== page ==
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Can the WTO assist British trade post-Brexit?

26 March 2018

The World Trade Organisation (WTO) has been in the press recently perhaps more than it would like, with concerns being raised about whether its rules would be sufficient to maintain British trade in the event of a "hard Brexit". But what is the WTO, and how does it deal with disputes?

What is the WTO?

The WTO has many roles: it operates global trade rules, acts as a forum for negotiating trade agreements, settles trade disputes, and it supports developing countries. The WTO is made up of 164 member nations (Members) who collectively hold decision making power.

How does the WTO deal with disputes?

Although the WTO is not a court, it has dispute settlement procedures called the Dispute Settlement Understanding,(the DSU). These are used to settle disagreements between Members.

The DSU is administered by the Dispute Settlement Body (the DSB), a general council of Members that wear dispute settlement "hats". Every member is eligible to sit on the DSB, and therefore every Member is part of the DSB. The DSB decides whether another state has breached the WTO trade rules, and what the consequence will be.

Unique attributes of the DSB

There are three attributes of the DSB that are unique in comparison to other public international law bodies:


The WTO's system of dispute resolution is extremely fast, given the subject matter. A panel report (effectively a judgment of first instance) is automatically accepted unless the whole DSB rejects the finding. This makes it difficult for a panel report to be rejected as both the complainant and respondent Members must agree to reject it. Similarly, if a decision is then appealed, the Appellate Court ruling can also only be rejected by consensus.

On average, the WTO aims to resolve a dispute in 15 months. While this has slowed down, it is still much faster than some other international public law bodies, and is comparable with high-value claims in the English High Court.

Lack of restitution and damages

Panel decisions differ from normal litigation in England and Wales because they do not provide compensation to non-state actors. Even if a panel's finding determines that a Member breached the trade rules, any private parties that were harmed will not receive direct compensation. This differs from domestic and EU rules, where private parties are able to bring actions for damages against states.

The WTO is able to limit future damage by making the Member take remedial steps and continuing to ensure the rules are complied with. However, this does little to help the companies and individuals who are hurt by the breach, as was shown when Irish workers faced being made redundant when the US imposed tariffs on Bombardier.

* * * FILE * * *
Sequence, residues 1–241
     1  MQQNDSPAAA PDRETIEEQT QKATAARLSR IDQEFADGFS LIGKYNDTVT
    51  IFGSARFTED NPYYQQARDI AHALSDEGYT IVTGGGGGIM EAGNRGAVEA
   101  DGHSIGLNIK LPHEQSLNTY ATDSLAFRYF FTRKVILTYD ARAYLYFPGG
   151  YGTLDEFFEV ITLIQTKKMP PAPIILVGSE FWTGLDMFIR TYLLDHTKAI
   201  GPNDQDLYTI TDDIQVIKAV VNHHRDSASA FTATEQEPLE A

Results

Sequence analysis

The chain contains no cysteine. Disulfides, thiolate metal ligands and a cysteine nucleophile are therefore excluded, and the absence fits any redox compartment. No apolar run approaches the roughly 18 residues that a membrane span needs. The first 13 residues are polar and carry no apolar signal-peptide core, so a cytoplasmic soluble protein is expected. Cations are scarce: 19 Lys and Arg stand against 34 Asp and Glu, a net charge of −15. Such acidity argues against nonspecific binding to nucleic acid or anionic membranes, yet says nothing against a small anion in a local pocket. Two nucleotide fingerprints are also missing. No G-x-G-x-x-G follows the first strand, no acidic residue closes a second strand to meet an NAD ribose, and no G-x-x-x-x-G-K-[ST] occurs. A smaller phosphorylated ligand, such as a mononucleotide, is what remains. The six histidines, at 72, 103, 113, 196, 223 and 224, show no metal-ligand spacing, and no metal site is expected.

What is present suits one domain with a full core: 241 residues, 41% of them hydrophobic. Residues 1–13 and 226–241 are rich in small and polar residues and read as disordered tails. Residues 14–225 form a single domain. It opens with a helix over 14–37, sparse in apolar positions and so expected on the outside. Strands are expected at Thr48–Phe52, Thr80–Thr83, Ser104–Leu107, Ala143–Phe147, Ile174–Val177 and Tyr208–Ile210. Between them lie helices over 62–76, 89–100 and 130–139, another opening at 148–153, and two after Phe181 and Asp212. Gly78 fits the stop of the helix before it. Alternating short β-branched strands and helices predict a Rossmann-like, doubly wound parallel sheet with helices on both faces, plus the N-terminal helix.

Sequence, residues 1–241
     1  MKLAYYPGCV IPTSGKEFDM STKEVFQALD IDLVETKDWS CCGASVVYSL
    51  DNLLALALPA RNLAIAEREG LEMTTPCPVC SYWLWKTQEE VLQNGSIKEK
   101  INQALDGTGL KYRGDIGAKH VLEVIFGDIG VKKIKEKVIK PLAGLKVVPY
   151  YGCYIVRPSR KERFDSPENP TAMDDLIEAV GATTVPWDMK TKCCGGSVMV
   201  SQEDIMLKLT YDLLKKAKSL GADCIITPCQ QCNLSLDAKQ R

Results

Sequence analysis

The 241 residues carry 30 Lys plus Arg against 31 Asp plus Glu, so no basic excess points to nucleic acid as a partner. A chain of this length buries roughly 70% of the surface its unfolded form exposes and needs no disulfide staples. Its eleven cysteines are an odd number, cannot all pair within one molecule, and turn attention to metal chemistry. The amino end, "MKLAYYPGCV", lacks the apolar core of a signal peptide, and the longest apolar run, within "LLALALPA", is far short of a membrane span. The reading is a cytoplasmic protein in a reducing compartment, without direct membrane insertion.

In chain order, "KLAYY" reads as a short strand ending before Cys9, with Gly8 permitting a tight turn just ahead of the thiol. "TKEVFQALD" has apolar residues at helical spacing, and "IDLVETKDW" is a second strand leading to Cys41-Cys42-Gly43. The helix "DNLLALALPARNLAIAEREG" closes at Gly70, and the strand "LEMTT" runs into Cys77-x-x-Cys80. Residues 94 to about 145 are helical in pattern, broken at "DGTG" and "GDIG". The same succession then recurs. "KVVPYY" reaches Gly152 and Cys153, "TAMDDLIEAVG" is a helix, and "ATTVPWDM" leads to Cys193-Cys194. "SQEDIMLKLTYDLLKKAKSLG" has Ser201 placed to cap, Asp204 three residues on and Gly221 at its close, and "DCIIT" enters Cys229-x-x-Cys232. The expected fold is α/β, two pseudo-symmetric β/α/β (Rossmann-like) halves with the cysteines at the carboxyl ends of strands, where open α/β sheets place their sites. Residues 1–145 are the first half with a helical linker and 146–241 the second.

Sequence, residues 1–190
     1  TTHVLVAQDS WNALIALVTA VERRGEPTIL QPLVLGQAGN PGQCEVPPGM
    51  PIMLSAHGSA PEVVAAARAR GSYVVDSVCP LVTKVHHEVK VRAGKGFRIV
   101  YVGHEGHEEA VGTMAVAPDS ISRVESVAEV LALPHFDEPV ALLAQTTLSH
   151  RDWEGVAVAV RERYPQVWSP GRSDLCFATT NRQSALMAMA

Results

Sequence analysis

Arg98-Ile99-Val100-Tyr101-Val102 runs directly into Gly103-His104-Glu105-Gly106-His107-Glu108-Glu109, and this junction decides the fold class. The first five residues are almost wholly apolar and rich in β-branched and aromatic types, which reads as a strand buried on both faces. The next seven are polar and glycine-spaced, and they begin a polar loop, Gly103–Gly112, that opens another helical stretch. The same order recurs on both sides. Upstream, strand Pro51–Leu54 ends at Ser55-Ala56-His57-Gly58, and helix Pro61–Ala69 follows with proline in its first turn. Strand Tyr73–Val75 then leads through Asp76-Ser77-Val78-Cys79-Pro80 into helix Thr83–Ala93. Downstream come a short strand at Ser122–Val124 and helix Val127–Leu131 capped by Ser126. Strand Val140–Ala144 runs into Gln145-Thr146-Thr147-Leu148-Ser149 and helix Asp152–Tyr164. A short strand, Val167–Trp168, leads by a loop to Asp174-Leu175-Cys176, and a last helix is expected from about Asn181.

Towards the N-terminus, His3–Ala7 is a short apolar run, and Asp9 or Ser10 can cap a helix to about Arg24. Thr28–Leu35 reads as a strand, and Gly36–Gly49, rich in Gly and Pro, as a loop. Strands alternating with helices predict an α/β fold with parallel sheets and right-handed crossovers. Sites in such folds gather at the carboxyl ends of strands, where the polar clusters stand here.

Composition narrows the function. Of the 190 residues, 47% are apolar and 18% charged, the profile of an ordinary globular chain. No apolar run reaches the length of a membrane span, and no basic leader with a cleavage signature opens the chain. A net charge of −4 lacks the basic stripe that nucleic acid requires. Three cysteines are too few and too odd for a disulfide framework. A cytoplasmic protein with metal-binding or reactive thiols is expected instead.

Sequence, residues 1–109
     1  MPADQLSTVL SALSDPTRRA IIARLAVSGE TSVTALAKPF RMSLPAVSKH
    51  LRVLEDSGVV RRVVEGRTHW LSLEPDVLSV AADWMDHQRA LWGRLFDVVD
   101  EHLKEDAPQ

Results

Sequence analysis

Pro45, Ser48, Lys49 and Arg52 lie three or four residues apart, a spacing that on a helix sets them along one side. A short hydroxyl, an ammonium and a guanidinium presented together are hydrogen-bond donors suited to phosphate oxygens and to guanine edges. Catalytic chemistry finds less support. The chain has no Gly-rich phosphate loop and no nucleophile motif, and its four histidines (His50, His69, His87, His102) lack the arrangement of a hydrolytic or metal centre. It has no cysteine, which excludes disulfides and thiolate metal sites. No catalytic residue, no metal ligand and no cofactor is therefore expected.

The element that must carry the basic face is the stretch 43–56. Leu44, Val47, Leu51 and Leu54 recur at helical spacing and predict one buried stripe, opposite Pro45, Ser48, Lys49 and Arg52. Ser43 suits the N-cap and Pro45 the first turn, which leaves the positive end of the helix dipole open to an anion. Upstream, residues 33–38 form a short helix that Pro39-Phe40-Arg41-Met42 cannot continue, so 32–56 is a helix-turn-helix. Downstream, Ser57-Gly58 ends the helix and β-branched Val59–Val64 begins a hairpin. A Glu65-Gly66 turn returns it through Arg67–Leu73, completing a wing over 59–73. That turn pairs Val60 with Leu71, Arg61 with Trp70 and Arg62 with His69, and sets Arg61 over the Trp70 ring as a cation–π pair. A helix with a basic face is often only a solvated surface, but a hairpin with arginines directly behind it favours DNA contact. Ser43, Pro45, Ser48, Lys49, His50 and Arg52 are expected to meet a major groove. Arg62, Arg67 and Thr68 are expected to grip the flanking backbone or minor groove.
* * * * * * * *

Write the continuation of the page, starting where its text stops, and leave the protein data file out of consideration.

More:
The WTO's most unique attribute is the idea of "retaliation". This is the primary way the WTO enforces the DSU, and is very different from the normal remedies available in English and Welsh courts.

If a respondent Member fails to comply with a finding of the DSB or the Appellate Court, the WTO can authorise "retaliation". Instead of enforcing a judgment or damages, the WTO authorises the wronged Member to take action to rectify the breach; for example, by raising tariffs (see page 148).

The WTO's role post-Brexit

If the UK leaves the EU without some form of transitional deal, trade disputes between the two nations will no longer be dealt with by the Court of Justice of the European Union (CJEU). Instead, it is possible that the WTO will become the forum for these disputes.

Firstly, DSU rules dictate that if disputes between the EU and the UK arise over issues contained within the DSU Appendix 1, the UK must rely on the WTO for dispute resolution.

At present, it is the CJEU that is responsible for regulating EU trade issues. It has various restorative remedies available to parties affected by a breach. Although the DSB process will allow for speed and retaliation, it is likely that the lack of restitution and minimal powers of compliance will be seen less favourably by states that are used to the compensation available under EU law.

Secondly, the benefit of retaliation through the DSU would be lost due to the UK being an independent Member, whereas previously it had retained the 'blanket protection' as an EU Member State.


Although Britain's economy is significant, it remains smaller than the USA, China and the EU itself. Previously it has enjoyed the protections offered by the EU, as well as the CJEU's comprehensive dispute settlement powers. The WTO rules, which are far less concrete, might not be sufficient. It is hard to see how the UK could effectively "retaliate" against a state like China or the US. As a result, legislators in the UK must think carefully about how they plan to manage trading relationships between the UK and other nations post-Brexit.